“When one looks back over the years of Wolf’s practice one cannot but be struck by the way his architecture has matured through to complex layered civic works, such as the Center of Regional Government in Toulouse. As he has grown older, his work has deepened.... Perhaps, in the last analysis, the most singular quality of his expression resides in its sublime attitude towards light...hermetic skin-like material appears quite literally to suffuse with the light that emanates from its surface."
Kenneth Frampton, Critic and Historian
"... to a modern society that is full of errant energy, Wolf offers his quietly platonic buildings as ameliorative. They absorb rather than reflect chaos and exude harmonious order. Most important perhaps is Wolf's preoccupation with the physical measure of man– a concern that Le Corbusier also expressed in his modular system– as the basis for creation of a structure that will appeal to human emotions, intellect and psyche."
Carol McMichael Reese, Curator, Getty Center for the History of Art and Humanities
"Harry Wolf is one of the most gifted architects today, indeed in the context of the world only a relatively small number of people know how important he is to architecture. He is a big talent, a rationalist with poetic impact to his work. Not just meat and potatoes functionalism but a major spiritual commitment."
Allen Temko, Architectural Critic, San Francisco Chronicle
"Indeed, the whole project pursues at the various scales the objective of re-establishing a relationship between man and nature, at the same time creating a new sense of space and time; all this is communicated in a subtle and hardly perceptible way. Not a clear sign, but a symbol, something revealing itself slowly and in the course of time."
Mirko Zardini, Casabella, Milan
"The surprising work of Harry Wolf, an architect pursuing his own patient search ... finding a language of geometry and silence in several works achieving an unusual, singular richness."
Vittorio Lampugnani, Casabella, Milan
Dictionnaire de L’Architecture Moderne et Contemporaine
Editions Hazan / Institut Francais D’Architecture
Harry Wolf's practice, Wolf Associates, founded in 1966 in Charlotte, North Carolina migrated to New York in 1983 and then emerged again in Los Angeles in 1990 as Wolf+, after he had spent 1988 to 1990 there with Ellerbe Beckett.
Wolf's work has evolved through his explorations of the infinite potential of platonic geometry to accommodate program and respond to site. An early project, the Folger House (1969) is a minimalist essay using the square to form a private precinct in the landscape and a diagonal to generate the forms for living. Geometry is again a tool, but for creating an urban precinct in two related interventions, the OfficeClassroom Building (19751979) and the Administration Building (19771982), that serve to organize the previously disjointed campus of the University of North Carolina at Charlotte. Here, the ordering of brick, glass and steel recall Mies van der Rohe in their rigor, but Wolf's balanced asymmetries and sensitivity to human scale, make for a much more user friendly environment than that of the IIT, Illinois Institute for Technology.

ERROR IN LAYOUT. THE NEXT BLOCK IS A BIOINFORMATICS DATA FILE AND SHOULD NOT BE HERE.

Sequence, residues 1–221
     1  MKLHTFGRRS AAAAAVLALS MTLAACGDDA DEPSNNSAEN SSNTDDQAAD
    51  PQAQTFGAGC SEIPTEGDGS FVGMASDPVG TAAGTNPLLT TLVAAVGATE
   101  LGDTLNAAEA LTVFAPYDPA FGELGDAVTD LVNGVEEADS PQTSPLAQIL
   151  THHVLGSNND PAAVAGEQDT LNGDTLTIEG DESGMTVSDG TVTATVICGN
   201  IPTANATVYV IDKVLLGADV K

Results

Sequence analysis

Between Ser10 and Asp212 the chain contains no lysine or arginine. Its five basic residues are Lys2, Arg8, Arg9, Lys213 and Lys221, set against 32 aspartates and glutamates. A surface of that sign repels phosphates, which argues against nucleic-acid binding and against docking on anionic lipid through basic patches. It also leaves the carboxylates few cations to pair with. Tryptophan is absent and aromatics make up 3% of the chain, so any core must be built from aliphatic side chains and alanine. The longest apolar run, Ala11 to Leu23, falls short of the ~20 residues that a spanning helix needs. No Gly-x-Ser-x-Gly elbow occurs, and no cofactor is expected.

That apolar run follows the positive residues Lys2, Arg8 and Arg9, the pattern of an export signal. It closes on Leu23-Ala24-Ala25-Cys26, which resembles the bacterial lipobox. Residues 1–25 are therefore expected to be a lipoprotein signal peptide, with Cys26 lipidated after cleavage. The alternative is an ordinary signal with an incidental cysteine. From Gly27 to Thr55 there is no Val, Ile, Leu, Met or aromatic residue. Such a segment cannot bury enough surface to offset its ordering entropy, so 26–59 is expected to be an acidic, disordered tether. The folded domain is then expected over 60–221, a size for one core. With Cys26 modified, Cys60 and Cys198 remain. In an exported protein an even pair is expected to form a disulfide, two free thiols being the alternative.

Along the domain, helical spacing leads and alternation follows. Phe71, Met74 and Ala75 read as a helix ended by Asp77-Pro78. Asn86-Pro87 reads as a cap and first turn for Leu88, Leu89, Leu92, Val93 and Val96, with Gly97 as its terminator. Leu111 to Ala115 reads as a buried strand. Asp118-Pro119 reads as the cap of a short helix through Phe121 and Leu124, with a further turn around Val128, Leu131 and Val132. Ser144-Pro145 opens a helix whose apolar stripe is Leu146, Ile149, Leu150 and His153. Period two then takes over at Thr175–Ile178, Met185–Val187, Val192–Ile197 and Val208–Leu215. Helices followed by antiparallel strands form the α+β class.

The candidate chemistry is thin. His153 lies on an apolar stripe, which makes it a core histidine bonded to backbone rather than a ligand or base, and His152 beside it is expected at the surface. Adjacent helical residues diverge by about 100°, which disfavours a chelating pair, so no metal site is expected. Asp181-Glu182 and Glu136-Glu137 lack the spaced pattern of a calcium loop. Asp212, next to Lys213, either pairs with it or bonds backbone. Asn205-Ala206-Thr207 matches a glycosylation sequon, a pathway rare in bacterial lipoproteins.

The Mecklenburg County Courthouse, also in Charlotte (19771982), bears witness to the influence of Louis Kahn, along with that of Mies, in its modulated solids and voids and its contrasting limestone and curtain wall skins. The subtle influence of these two masters is to be found in much of Wolfs subsequent work. They emerge in poetic force in the Florida Headquarters of the North Carolina National Bank at Tampa (19831988). Here, a tartan grid organizes the formal activities of the whole site and ties it into both the natural and urban landscape. In a pivotal location, a limestone cylinder with punched openings contains the office functions; and two cubes, spatially rich volumes, contain the public banking activities. The grid and all its rigorous proportional derivations relate to a numerological subtext, rich in symbolism, that has Islamic origins, which were the result of investigations for a previous unbuilt project, the U.S. Embassy for the United Emirate States at Abu Dhabi.
Since the bank at Tampa, Wolf's work has been marked by brilliant, but unfortunately unbuilt projects, such as the Williamsburg Bridge, New York City (1987); the Kansai International Airport, Osaka, (1988); the South Flower Street Tower, Los Angeles, (19901991); and the ABN AMRO Office Building, Amsterdam (1992). Of these recent projects, the most notable is the Hotel du Departement de la Haute Garonne in Toulouse, France. Here, again, Cartesian organization and geometry operate, but on even a larger scale, this time marking a grand precinct for regional governmental functions, in which the pure form of the circle, making the grand court is contained by a ring of linear walls" and a layer of pavilions, varied in scale, that respond to the immediate context.
The formal success of Wolf's lyrical rigor is significant in this era when tendencies in architecture lean toward nonrectilinear geometries as ends in themselves and not means toward achieving human environments. The architecture of Harry Wolf speaks with the optimism of the humanistic tradition, where order is equated with liberty and tectonics is equated with truth.